by Daniel Hathaway
Depending on which of the three Cleveland Orchestra concerts led by Nicholas McGegan you attended last weekend, you got a different combination of pieces. For the Fridays@7 iteration on November 17, there were only two works, Mozart’s Piano Concerto No. 9 (“Jeunehomme”) with Marc-André Hamelin, and Symphony No. 36 (“Linz”), both presented in spectacular, flawless performances.
(The Friday matinee crowd heard Rameau’s Suite from Dardanus and Gluck’s Suite from Don Juan plus the symphony, while Saturday evening’s patrons got all four works.)
Friday evening’s performance was made special by a little curtain-raiser in which orchestra members Frank Rosenwein and Paul Kushious conducted an impromptu interview with McGegan on the subject of what the concert experiences of Mozart’s audiences might have been like.
The perpetually charming McGegan painted a scenario of lengthy musical affairs in which the movements of a symphony might have been spaced out with other works, some vocal selections always being de rigeur. He talked a bit about the “Jeunehomme” concerto — its nickname the result of linguistic erosion, the piece having been written for the female pianist Victoire Jenamy — and he quipped that, considering the hand crossings Mozart wrote for her, he hoped that her corset hadn’t been too tight.
At the end of the conversation, Rosenwein and Kushious moved to their places in the Orchestra, amusingly handing their microphones to McGegan, who passed them on to a member of the stage crew before returning with Hamelin.
Mozart had just turned 21 in 1777 when he wrote the Ninth Piano Concerto, making a quantum leap forward toward his full maturity as a composer. The formal layout of the work and its musical content are full of innovation and experimentation, beginning with the sudden and unanticipated entrance of the soloist right after the orchestra begins. Falling somewhere on the spectrum between the symphonic and the operatic, the piece contains delightful elements of both.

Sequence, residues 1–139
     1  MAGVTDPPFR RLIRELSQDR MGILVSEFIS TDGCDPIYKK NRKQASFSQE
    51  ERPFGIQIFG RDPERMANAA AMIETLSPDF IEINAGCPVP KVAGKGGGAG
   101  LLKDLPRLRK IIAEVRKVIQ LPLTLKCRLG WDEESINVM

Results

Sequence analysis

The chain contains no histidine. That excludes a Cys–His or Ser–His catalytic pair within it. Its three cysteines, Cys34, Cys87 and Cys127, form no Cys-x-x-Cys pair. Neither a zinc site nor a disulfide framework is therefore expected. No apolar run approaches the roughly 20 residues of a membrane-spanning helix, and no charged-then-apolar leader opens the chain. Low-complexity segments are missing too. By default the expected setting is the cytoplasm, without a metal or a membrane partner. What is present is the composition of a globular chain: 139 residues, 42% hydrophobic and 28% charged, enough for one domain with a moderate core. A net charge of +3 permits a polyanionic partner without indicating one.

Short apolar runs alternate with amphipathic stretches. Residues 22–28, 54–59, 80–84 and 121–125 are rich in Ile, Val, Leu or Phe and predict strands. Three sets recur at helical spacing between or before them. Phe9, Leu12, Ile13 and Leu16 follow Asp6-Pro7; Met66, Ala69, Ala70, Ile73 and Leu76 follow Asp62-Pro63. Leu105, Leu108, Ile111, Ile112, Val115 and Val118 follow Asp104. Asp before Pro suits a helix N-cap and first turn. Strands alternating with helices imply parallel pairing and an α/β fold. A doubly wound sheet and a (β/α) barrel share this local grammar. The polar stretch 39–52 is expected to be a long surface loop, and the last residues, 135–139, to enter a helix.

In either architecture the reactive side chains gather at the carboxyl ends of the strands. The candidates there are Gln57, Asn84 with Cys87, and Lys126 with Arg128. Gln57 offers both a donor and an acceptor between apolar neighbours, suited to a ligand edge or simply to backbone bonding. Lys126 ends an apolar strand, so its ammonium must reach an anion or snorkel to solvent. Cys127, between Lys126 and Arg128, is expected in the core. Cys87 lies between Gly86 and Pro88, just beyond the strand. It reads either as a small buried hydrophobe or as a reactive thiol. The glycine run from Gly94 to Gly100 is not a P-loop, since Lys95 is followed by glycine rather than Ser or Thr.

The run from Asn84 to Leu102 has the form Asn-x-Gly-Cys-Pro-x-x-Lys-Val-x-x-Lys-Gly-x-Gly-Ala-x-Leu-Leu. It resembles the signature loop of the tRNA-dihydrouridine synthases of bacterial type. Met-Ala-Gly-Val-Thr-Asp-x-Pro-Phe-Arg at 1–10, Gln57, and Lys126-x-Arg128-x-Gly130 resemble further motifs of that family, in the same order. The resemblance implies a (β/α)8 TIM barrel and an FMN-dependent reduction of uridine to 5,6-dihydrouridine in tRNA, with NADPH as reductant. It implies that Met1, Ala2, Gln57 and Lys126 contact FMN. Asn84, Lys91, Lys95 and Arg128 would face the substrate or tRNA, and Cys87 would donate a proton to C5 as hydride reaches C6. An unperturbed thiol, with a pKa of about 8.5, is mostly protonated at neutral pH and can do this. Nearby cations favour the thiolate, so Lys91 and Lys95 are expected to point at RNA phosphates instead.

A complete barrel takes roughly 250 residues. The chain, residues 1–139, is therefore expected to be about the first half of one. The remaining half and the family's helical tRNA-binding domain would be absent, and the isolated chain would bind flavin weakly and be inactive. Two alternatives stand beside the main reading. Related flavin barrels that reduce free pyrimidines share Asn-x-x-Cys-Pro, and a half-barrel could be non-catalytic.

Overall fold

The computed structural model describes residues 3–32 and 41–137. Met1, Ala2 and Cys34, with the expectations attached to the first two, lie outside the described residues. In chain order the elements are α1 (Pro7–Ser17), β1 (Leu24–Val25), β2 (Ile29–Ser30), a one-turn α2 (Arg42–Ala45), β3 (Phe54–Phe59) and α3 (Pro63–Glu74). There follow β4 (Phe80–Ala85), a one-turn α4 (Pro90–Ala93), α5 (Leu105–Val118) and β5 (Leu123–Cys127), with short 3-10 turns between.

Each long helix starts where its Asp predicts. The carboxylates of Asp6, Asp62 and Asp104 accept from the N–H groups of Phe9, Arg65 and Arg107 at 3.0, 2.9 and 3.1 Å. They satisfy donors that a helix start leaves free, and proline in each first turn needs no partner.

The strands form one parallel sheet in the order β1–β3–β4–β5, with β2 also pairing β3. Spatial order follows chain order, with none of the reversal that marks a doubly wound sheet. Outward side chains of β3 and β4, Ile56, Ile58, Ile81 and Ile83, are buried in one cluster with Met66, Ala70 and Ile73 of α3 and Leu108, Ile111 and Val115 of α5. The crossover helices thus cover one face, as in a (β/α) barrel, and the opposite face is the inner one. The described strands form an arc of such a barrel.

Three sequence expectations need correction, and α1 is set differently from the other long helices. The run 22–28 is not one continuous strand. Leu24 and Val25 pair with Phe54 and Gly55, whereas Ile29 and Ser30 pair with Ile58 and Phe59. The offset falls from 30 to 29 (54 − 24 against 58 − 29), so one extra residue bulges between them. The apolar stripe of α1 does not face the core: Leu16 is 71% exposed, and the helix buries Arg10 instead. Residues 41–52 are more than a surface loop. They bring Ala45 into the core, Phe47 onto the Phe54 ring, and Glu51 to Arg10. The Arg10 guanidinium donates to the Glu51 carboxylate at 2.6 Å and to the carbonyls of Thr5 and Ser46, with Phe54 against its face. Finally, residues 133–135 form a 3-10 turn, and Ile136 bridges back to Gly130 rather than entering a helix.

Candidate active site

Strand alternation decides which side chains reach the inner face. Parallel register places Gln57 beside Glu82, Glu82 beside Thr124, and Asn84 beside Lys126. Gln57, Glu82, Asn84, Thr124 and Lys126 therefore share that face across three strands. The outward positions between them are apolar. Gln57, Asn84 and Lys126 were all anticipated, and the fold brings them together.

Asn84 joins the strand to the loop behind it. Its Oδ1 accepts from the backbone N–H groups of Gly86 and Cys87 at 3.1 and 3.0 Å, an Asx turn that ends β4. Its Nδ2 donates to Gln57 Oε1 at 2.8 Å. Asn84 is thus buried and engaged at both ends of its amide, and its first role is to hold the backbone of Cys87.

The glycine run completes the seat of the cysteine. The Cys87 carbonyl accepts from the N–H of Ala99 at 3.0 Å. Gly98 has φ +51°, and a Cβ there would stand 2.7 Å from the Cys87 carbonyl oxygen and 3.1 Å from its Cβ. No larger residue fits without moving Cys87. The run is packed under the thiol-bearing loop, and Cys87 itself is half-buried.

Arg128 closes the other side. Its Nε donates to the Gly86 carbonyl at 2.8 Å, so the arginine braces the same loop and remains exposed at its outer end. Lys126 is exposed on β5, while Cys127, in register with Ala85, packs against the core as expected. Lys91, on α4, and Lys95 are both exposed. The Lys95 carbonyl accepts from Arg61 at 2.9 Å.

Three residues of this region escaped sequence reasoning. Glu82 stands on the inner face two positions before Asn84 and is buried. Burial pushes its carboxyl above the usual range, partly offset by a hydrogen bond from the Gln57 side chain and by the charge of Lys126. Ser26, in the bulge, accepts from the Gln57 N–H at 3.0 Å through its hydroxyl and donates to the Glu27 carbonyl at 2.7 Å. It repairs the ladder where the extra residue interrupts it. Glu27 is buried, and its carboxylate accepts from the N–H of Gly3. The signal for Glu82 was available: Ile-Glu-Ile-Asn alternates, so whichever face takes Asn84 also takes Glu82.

Hamelin was a scintillating soloist, trading conversations with the Orchestra and shaping stylish lines both in solo flights and Mozart’s multiple cadenzas. He subtly caressed the lyrical passages in the slow movement and made a special moment of the inserted menuet in the finale before joining the Orchestra in a joyous coda. McGegan, who always appears to be having the time of his life on the podium, shaped the Orchestra’s phrases with elegant simplicity.
In 1783, Mozart stopped over in Linz enroute to Vienna, where he composed the “Linz” symphony in a hurry for an “academy” there on November 4. Though not so often programmed as his three last symphonies — The Cleveland Orchestra first performed it in 1943 — the work has distinct charms, especially in its unusual wind writing.
The Cleveland Orchestra was putty in the bare hands of the beaming McGegan, who inspired a full-textured, lyrical performance of the “Linz,” complete with its touches of humor — he illustrated a wispy final gesture in the music with fingers in the air as though tossing fluff into the wind.
Published on ClevelandClassical.com November 21, 2017.
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